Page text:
The Manners, Customs, and Antiquities of the Indians of North and South America, Band 12

Bradbury, Soden and Company, 1844 - 336 Seiten
0 Rezensionen
Rezensionen werden nicht überprüft, Google sucht jedoch gezielt nach gefälschten Inhalten und entfernt diese

Im Buch

Was andere dazu sagen - Rezension schreiben

Es wurden keine Rezensionen gefunden.

Andere Ausgaben - Alle anzeigen

Häufige Begriffe und Wortgruppen

Beliebte Passagen

Seite 263 - Within the paths of righteousness, ev'n for his own name's sake. *Yea, though I walk in death's dark vale, yet will I fear none ill: For thou art with me; and thy rod and staff me comfort still.
Seite 99 - ... the face of a monument, and then to dig around and bring to light a fragment, a sculptured corner of which protruded from the earth. I leaned over with breathless anxiety while the Indians worked, and an eye, an ear, a foot, or a hand was disentombed; and when the machete rang against the chiselled stone, I pushed the Indians away, and cleared out the loose earth with my hands. The beauty of the sculpture, the solemn stillness of the woods, disturbed only by the scrambling of monkeys and the...
Seite 263 - My table Thou hast furnished In presence of my foes ; My head Thou dost with oil anoint, And my cup overflows. 5 Goodness and mercy all my life Shall surely follow me : And in God's house for evermore My dwelling-place shall be.
Seite 98 - It is impossible to describe the interest with which I explored these ruins. The ground was entirely new; there were no guide-books or guides; the whole was a virgin soil. We could not see ten yards before us, and never knew what we should stumble upon next. At one time we stopped to cut away branches and vines which concealed the...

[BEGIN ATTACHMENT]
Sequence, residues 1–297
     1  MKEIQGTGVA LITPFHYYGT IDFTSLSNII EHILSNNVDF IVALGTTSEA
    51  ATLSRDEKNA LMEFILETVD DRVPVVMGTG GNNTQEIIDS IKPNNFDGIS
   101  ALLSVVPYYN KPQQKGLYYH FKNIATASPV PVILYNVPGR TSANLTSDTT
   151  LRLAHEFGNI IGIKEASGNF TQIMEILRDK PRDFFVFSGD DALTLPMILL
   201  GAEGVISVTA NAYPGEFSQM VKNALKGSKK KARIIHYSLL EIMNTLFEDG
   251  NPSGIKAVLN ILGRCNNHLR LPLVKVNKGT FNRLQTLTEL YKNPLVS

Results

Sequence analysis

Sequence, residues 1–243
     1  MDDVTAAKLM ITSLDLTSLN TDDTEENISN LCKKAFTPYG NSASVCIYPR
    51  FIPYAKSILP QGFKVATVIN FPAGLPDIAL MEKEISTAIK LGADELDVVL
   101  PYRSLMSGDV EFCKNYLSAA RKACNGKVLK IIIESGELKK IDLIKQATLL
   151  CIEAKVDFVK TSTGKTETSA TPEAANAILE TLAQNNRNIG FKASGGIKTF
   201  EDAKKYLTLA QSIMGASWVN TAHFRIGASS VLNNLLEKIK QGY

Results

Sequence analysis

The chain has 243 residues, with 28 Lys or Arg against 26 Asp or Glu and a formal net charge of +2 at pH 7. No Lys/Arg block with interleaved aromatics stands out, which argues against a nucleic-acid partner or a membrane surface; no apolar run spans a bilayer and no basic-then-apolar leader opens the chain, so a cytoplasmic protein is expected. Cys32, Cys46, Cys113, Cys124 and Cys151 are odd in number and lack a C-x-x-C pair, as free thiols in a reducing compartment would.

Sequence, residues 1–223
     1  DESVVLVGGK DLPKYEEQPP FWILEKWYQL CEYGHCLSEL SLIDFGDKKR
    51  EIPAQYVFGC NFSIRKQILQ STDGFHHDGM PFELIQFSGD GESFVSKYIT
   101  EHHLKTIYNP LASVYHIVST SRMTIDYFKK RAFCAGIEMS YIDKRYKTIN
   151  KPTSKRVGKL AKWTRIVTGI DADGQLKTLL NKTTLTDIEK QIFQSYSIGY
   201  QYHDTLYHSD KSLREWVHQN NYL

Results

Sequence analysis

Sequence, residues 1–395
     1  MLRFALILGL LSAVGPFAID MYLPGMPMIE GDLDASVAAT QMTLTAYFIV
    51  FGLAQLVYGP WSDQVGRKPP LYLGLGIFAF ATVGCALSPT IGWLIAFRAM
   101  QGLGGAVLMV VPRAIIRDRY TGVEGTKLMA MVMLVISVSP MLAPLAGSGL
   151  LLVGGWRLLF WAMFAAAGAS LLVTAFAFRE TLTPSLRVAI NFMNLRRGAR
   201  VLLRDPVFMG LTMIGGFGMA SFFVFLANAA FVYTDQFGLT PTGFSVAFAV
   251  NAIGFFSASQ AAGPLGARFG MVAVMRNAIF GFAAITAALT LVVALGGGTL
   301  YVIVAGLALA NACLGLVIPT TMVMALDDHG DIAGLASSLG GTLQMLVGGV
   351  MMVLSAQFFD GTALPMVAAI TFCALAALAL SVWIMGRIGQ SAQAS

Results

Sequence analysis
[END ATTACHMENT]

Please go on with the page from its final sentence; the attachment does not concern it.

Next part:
Seite 38 - The lips and bosom of the infant were sprinkled with water, and "the Lord was implored to permit the holy drops to wash away the sin that was given to it before the foundation of the world; so that the child might be born anew.
Seite 303 - ... back ; by which he has the power of throwing himself up again, and changing to the other side of the horse if necessary. In this wonderful condition, he will hang whilst his horse is at fullest speed, carrying with him his bow and his shield, and also his long lance of fourteen feet in length, all or either of which he will wield upon his enemy as he passes ; rising and throwing his arrows over the horse's back, or with equal ease and equal success under the horse's neck...
Seite 329 - ... (on a level and beautiful prairie), which before had been strained tight and fixed, were seen waving and flapping in the wind, and in one minute more all were flat upon the ground. Their horses and dogs, of which they...
Seite 38 - Is this punishment intended, not for our reformation, but for our destruction?" Again, "Impart to us, out of thy great mercy, thy gifts, which we are not worthy to receive through our own merits".
Seite 96 - Egyptians ; one, displaced from its pedestal by enormous roots ; another locked in the close embrace of branches of trees, and almost lifted out of the earth; another, hurled to the ground, and bound down by huge vines and creepers ; and one standing, with its altar before it, in a grove of trees which grew around, seemingly to shade and shroud it, as a sacred thing in the solemn stillness of the woods, it seemed a divinity mourning over a fallen people.
Seite 86 - The hair is divided, and falls down behind in two long plaits, fastened at the top by a bow of ribbon and a flower. In this dress there is no alteration from what they wore in former days; saving that the women of a higher class wore a dress of finer cotton with more embroidery, and a loose garment over all, resembling a priest's surplice, when the weather was cold. Among the men, the introduction of trousers is Spanish — but they still wear the...

Bibliografische Informationen